By Taylor Anderson
On April 27, 2015, the Fourth Circuit issued its published opinion regarding the civil case In re Jenkins. The appellant, Matthew Alan Jenkins (“Jenkins”), appealed the decision of the lower courts, arguing that the Bankruptcy Administrator and the Trustee’s (collectively, “the Trustee”) complaint should have been dismissed as untimely. The Fourth Circuit sided with the appellant and applied Rule 2003(e) of the Federal Rules of Bankruptcy Procedure in order to determine when a creditors’ meeting concludes. The Court held that the meeting of the creditors “concluded” on the date the rescheduled meeting ended when counsel for Trustee failed to adjourn the meeting in compliance with Rule 2003(e); however, the Fourth Circuit declined to adopt the bright-line rule that the per se conclusion of the creditors’ meeting is the date that the trustee fails to strictly comply with Rule 2003(e) in adjourning the creditors’ meeting.
On April 11, 2012, Jenkins filed a petition for Chapter 7 bankruptcy relief. The Trustee convened a creditors’ meeting at which Jenkins testified as to disputed proceeds he had received; however Jenkins did not provide all the necessary information that Trustee needed from this meeting. As a result, counsel for the Trustee requested an extension of the deadline to file a complaint objecting to Jenkins’s discharge because another creditors’ meeting was needed. Pursuant to Rule 4004(b) of the Federal Rules of Bankruptcy Procedure, the bankruptcy court granted the Trustee’s request and extended the deadline to “sixty days beyond . . . whenever the 341 [creditors’] meeting is concluded.”
The next creditors’ meeting was scheduled to reconvene on July 11, however Jenkins did not attend this meeting. At a rescheduled creditors’ meeting on July 19, Jenkins appeared by telephone, but he again failed to provide the Trustee with the necessary information on that date, and so, before ending the telephonic meeting, counsel for the Trustee announced that she was “not going to conclude the meeting today.” Counsel further explained, “I am going to talk with the trustee and, if he determines that we can adjourn the meeting, we will file a notice of that, but officially the meeting is continued.” No notice of a continued meeting was ever filed, nor did the meeting ever reconvene.
On September 26, 2012, sixty-nine days after the July 19 creditors’ meeting, the Trustee filed a complaint, objecting to Jenkins’s discharge in bankruptcy. Jenkins asserted that the Trustee’s complaint was “barred by the applicable statute of limitations.” The bankruptcy court found the Trustee’s complaint timely and denied Jenkins a bankruptcy discharge. The district court affirmed, and Jenkins appealed.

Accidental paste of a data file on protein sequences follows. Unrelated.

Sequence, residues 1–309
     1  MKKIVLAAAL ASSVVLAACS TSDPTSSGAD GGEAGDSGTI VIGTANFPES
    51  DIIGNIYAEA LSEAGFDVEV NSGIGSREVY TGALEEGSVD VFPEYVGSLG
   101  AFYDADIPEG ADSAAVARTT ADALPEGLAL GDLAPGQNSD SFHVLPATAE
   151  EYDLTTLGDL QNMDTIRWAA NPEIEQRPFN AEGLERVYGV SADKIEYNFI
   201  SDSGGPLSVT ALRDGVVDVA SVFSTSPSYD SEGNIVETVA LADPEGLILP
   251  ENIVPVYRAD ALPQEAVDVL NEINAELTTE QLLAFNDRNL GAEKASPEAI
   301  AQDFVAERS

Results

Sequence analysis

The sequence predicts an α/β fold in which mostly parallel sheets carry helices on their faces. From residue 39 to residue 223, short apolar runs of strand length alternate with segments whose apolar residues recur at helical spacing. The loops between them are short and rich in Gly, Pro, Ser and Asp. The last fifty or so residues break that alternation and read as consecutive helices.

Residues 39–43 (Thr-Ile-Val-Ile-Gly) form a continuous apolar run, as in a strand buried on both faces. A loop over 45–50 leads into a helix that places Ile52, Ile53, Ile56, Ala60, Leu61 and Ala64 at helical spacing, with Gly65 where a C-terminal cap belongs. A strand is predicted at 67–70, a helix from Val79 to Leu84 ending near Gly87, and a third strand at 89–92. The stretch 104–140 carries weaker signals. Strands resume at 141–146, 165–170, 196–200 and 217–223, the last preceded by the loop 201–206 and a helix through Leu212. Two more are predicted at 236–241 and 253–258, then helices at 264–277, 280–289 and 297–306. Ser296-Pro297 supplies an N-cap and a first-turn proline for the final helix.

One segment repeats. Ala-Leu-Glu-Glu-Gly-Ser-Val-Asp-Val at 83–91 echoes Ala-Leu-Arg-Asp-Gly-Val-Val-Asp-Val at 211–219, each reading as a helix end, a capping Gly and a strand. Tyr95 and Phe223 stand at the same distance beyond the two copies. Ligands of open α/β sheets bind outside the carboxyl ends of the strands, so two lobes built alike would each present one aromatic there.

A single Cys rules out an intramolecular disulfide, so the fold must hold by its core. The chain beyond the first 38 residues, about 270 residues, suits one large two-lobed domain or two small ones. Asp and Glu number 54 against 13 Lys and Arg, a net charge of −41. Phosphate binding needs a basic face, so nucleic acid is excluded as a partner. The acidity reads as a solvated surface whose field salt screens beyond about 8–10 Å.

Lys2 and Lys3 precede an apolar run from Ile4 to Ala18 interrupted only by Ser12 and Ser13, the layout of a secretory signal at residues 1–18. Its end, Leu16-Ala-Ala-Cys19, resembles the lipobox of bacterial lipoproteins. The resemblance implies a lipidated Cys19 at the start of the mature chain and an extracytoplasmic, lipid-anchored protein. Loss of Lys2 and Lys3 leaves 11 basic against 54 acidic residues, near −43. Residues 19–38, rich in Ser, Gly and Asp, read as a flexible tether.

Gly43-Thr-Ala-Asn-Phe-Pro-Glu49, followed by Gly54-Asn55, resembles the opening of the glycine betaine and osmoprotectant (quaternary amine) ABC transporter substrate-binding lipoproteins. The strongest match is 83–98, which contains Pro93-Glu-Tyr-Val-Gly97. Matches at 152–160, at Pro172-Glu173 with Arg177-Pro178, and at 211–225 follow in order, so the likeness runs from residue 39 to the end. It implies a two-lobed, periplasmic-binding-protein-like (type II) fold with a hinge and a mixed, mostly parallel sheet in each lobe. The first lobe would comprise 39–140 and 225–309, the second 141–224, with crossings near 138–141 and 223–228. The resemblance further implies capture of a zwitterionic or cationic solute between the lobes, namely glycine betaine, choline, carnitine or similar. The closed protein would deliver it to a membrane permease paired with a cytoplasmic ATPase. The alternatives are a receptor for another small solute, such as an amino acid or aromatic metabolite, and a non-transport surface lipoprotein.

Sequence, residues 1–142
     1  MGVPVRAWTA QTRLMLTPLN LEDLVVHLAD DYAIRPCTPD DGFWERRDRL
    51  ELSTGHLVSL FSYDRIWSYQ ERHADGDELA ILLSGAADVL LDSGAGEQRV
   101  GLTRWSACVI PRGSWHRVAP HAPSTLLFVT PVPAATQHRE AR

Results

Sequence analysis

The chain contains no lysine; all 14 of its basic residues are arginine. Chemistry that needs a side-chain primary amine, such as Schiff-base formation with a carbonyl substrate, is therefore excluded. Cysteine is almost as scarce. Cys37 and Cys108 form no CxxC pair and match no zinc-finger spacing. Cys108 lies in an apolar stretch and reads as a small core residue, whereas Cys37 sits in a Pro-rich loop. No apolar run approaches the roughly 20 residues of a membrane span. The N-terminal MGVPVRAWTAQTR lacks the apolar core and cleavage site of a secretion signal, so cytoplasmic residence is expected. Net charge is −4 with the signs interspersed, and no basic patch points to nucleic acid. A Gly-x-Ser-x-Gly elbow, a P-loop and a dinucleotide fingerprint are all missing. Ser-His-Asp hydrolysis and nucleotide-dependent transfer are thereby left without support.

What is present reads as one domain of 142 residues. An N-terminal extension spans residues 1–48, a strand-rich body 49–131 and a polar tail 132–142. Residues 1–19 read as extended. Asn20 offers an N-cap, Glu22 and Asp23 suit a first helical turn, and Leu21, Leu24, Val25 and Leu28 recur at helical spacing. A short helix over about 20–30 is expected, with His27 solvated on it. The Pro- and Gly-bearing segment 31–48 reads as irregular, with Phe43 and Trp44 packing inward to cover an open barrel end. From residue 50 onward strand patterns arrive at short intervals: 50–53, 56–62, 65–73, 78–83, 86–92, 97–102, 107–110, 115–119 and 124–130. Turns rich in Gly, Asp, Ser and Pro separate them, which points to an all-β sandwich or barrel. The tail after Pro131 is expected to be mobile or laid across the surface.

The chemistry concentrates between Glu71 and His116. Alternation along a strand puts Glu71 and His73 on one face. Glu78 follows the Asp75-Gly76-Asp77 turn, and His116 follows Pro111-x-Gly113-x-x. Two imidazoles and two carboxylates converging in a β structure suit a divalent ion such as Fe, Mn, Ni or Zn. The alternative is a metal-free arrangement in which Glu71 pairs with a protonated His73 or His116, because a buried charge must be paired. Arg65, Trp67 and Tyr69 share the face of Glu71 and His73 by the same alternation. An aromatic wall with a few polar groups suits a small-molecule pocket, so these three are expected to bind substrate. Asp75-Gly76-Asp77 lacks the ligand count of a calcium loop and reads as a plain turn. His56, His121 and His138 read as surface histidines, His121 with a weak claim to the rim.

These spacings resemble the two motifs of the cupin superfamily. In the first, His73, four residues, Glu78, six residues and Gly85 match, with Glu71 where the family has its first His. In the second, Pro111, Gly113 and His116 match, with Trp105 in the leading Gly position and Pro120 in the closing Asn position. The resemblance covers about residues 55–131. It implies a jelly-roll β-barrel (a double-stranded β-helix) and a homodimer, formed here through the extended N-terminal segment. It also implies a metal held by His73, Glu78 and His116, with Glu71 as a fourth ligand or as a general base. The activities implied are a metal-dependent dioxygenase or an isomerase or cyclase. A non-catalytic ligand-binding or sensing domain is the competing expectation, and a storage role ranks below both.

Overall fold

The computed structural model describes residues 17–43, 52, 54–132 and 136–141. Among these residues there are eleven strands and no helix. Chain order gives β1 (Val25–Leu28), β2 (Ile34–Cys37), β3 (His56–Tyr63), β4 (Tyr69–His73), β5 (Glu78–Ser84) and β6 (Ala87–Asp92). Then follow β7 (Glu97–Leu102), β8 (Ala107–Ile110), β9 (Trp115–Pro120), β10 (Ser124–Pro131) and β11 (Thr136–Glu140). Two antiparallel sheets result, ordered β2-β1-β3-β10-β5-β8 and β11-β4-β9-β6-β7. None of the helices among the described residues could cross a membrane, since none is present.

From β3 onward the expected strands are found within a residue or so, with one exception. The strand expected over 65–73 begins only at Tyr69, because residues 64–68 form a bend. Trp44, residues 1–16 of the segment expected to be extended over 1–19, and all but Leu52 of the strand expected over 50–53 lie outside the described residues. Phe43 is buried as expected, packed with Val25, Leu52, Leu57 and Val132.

Rule 2003 Speaks in Terms That Are Plainly Mandatory
Rule 2003 of the Federal Rules of Bankruptcy Procedure supplies the procedures by which a creditors’ meeting must progress. Specifically, Rule 2003(e) explains how a trustee is to conclude a creditors’ meeting. It provides, in its entirety: “The meeting may be adjourned from time to time by announcement at the meeting of the adjourned date and time. The presiding official shall promptly file a statement specifying the date and time to which the meeting is adjourned.”
Date of Creditors’ Meeting Conclusion
Jenkins asserted that the creditors’ meeting concluded on July 19, 2012, when the Trustee failed to adjourn the meeting to a stated later date and time. The Fourth Circuit agreed, holding that Trustee failed to follow Rule 2003(e)’s clear procedures.
In discussing Rule 2003(e)’s legislative history, the Fourth Circuit mentioned that Rule 2003(e) was amended in 2011 to add the requirement that “[t]he presiding official shall promptly file a statement specifying the date and time to which the meeting is adjourned” in order to prevent indefinite adjournment. To allow Trustee to prevail in this situation would allow him to do precisely what Rule 2003(e) seeks to prevent.
The Fourth Circuit found that Trustee undeniably violated Rule 2003(e). Though Trustee attempted to adjourn the creditors’ meeting on July 19, 2012, he failed either to announce the date and time of the adjourned meeting or to file a statement thereafter containing that information. Because Rule 2003(e) unambiguously requires these actions to effectuate an adjournment, the meeting was never adjourned. The Fourth Circuit said “because the meeting was never adjourned, we hold it was concluded” on July 19, 2012. Because Trustee filed the complaint sixty-nine days after July 19, 2012, this was an untimely filing and thus Trustee’s complaint should not have been considered by the lower court.
Fourth Circuit Declines to Adopt Bright-Line Approach
The Fourth Circuit made clear that it was stopping short of adopting a Rule 2003(e) “bright-line approach.” This approach states that the per se conclusion of the creditors’ meeting is the date that the trustee fails to strictly comply with Rule 2003(e) in adjourning the creditors’ meeting.
The Court discussed an example where a trustee fails to announce at the initial meeting the adjourned date and time, but promptly thereafter files a written notice setting forth that information. The Fourth Circuit stated that although the trustee in that situation is not in strict compliance with Rule 2003(e)’s twin requirements, such an action may not warrant an automatic declaration of the meeting’s conclusion as the date of the improperly adjourned meeting.
Judgment Reversed and Remanded
Because the Trustee did not comply with any part of Rule 2003(e), the judgment of the district court was reversed and the case was remanded for further proceedings.